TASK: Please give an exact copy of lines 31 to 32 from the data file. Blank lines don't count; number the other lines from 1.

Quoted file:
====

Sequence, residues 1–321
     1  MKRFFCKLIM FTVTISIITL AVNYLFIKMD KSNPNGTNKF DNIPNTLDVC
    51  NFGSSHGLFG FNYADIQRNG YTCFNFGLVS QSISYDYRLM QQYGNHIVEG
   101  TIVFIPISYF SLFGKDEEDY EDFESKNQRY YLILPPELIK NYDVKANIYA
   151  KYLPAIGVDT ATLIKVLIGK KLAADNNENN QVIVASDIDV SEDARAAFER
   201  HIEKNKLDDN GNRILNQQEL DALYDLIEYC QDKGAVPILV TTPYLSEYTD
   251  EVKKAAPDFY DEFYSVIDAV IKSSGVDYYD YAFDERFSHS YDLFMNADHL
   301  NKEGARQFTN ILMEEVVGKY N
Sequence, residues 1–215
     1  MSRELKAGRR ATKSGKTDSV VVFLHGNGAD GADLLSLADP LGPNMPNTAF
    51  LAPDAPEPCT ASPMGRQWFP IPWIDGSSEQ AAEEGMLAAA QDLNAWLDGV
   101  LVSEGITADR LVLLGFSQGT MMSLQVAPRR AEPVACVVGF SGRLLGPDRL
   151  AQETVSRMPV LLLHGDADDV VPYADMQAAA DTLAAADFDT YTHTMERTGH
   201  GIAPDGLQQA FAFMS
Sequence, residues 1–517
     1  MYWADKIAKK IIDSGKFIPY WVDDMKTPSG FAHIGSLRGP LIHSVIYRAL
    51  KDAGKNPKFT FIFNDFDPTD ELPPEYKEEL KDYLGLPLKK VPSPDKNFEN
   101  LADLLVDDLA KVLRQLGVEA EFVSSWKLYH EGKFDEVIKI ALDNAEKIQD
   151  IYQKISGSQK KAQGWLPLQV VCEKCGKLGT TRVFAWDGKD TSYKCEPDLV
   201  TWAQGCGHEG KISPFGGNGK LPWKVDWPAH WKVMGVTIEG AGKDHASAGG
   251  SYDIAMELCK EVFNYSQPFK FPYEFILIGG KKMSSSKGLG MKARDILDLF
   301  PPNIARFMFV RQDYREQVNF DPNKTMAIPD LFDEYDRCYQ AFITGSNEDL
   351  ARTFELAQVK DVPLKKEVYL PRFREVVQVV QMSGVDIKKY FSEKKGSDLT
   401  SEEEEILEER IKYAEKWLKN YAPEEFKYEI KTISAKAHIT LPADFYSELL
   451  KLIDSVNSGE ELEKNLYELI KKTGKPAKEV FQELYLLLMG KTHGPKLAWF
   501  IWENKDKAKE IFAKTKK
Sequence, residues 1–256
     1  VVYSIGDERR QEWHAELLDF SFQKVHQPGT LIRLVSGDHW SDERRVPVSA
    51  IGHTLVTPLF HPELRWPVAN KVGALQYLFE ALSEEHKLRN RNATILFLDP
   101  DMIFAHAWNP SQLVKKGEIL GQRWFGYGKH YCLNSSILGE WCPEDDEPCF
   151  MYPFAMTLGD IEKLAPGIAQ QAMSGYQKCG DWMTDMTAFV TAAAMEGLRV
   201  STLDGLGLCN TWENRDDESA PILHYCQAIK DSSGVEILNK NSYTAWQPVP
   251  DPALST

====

   151  MYPFAMTLGD IEKLAPGIAQ QAMSGYQKCG DWMTDMTAFV TAAAMEGLRV
   201  STLDGLGLCN TWENRDDESA PILHYCQAIK DSSGVEILNK NSYTAWQPVP